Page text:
Comparison of solid-phase and eluate assays to gauge the
ecotoxicological risk of organic wastes on soil organisms
, Josep M. Alca
niz, Pilar Andre
Center for Ecological Research and Forestry Applications (CREAF) and Unit of Ecology, Department of Animal and Plant Biology and Ecology,
Autonomous University of Barcelona, Ediﬁci de Ciencies, E-08193 Bellaterra, Barcelona, Spain
Received 8 January 2007; received in revised form 26 March 2007; accepted 8 April 2007
Comparison of solid-phase and eluate bioassays for organic waste testing.
Development of methodologies to assess the safety of reusing polluted organic wastes in soil is a priority in Europe. In this study, and coupled
with chemical analysis, seven organic wastes were subjected to different aquatic and soil bioassays. Tests were carried out with solid-phase waste
and three different waste eluates (water, methanol, and dichloromethane).
Solid-phase assays were indicated as the most suitable for waste testing not only in terms of relevance for real situations, but also because
toxicity in eluates was generally not representative of the chronic effects in solid-phase.
No general correlations were found between toxicity and waste pollutant burden, neither in solid-phase nor in eluate assays, showing the
inability of chemical methods to predict the ecotoxicological risks of wastes. On the contrary, several physicochemical parameters reﬂecting
the degree of low organic matter stability in wastes were the main contributors to the acute toxicity seen in collembolans and daphnids.
Ó 2007 Elsevier Ltd. All rights reserved.
Keywords: Organic wastes ecotoxicity; Solid-phase tests; Eluate tests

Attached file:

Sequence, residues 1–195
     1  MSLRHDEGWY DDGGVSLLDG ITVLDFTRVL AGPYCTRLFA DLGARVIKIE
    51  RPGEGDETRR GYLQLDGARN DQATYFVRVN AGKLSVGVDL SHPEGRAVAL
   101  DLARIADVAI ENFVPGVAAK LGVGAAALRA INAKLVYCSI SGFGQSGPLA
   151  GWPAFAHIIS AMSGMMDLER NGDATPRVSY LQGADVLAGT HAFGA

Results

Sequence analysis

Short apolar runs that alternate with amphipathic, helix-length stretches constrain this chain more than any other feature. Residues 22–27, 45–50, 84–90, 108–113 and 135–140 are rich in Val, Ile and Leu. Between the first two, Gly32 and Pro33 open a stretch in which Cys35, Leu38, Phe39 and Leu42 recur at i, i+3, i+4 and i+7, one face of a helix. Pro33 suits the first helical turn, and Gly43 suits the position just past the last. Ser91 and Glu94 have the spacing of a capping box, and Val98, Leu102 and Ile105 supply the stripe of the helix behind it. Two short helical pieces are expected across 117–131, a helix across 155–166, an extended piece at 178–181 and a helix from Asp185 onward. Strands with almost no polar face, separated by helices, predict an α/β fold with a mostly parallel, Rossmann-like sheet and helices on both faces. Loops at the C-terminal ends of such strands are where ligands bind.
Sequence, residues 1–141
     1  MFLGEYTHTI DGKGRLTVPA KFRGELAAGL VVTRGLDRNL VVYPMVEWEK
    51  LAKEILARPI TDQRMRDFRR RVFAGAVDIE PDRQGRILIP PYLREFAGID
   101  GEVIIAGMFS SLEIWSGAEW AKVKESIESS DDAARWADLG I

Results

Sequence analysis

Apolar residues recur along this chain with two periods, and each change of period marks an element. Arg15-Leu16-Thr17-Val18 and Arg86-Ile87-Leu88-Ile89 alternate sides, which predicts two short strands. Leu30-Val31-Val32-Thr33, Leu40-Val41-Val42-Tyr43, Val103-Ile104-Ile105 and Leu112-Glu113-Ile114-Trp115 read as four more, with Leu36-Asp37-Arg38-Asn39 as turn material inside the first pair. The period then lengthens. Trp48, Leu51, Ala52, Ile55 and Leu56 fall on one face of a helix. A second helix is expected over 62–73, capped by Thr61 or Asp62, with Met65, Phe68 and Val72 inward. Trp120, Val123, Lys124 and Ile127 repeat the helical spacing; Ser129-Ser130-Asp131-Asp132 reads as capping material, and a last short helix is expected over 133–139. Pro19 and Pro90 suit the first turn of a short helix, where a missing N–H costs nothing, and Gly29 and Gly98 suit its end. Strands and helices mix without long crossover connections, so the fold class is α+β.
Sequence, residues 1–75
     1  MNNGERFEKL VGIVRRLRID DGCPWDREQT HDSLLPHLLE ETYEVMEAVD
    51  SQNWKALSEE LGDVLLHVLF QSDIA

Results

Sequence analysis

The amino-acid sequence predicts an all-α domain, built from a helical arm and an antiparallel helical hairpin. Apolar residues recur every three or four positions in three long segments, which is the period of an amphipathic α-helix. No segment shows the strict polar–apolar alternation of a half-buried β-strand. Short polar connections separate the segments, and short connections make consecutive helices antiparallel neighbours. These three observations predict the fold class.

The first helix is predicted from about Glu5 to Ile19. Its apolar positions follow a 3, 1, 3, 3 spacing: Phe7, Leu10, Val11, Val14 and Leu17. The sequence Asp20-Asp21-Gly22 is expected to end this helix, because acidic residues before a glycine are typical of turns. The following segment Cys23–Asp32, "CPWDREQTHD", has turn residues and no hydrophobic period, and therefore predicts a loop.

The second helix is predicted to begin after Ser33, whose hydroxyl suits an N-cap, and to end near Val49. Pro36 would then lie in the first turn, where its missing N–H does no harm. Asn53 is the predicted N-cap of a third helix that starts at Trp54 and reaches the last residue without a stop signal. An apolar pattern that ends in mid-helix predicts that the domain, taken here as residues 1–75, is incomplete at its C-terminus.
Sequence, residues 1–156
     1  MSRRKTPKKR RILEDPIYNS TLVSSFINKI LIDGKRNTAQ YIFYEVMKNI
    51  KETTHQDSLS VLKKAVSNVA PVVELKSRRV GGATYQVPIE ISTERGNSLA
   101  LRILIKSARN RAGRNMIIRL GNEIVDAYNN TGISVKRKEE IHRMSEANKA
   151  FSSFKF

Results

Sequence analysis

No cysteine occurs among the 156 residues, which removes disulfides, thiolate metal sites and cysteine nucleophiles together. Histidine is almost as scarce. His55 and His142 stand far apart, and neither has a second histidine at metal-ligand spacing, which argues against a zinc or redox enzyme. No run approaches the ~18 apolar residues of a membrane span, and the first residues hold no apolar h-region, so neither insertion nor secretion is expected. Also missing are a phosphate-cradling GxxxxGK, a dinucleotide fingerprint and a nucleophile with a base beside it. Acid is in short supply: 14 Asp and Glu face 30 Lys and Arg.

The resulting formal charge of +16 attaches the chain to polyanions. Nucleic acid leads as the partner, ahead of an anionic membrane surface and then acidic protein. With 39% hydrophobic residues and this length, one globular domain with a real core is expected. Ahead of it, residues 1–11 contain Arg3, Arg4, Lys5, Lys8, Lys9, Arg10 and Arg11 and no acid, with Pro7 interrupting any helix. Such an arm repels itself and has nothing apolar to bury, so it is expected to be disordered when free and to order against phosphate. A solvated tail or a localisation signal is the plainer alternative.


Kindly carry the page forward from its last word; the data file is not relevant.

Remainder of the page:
There is increasing interest in the development of bioassays
to evaluate the suitability of polluted organic wastes for safe
application to soils excluding any ecotoxicological risk. The
complex nature of such wastes, especially in the case of sew-
age sludge, containing a huge number of potentially noxious
chemicals (Thornton et al., 2001), and the limitations of chem-
ical methods to assess their risk to soils (Crouau et al., 2002)
favours using a bioassay approach.
A wide variety of literature dealing with potential effects on
crops of polluted organic wastes is available, mainly centered
on sewage sludge, while less is known about effects on soil
fauna, a key group in soil agroecosystems (Giller et al.,
1997; Neher, 1999). No harmful effects on soil fauna have
been found in ﬁeld studies using agronomic dosages (Cole
et al., 2001; Kielhorn et al., 1999; Krogh et al., 1997; Petersen
et al., 2003), although some laboratory studies have indicated
risk for soil fauna if such wastes are applied to soils (Andre
and Domene, 2005; Krogh et al., 1997; Krogh and Pedersen,
1997). This scarcity of studies shows how incomplete the
knowledge on this subject is and is a sign of the current need
for the selection of bioassays to assess the ecotoxicological
risk of wastes to soils.
Among the laboratory studies centered on organic waste
ecotoxicity, most have been carried out using waste eluates
or leachates and aquatic ecotoxicity tests. However, others
have focused on the suitability of solid-phase bioassays for or-
ganic wastes using terrestrial organisms. The latter approach is
the most relevant as it provides results closer to those expected
in ﬁeld conditions. However, solid-phase assays have several
drawbacks associated to the organic matter matrix. Organic
* Corresponding author. Tel.: þ34 935 811 312; fax: þ34 935 814 151.
E-mail address: email@example.com (X. Domene).
0269-7491/$ - see front matter Ó 2007 Elsevier Ltd. All rights reserved.
Available online at www.sciencedirect.com
Environmental Pollution 151 (2008) 549e558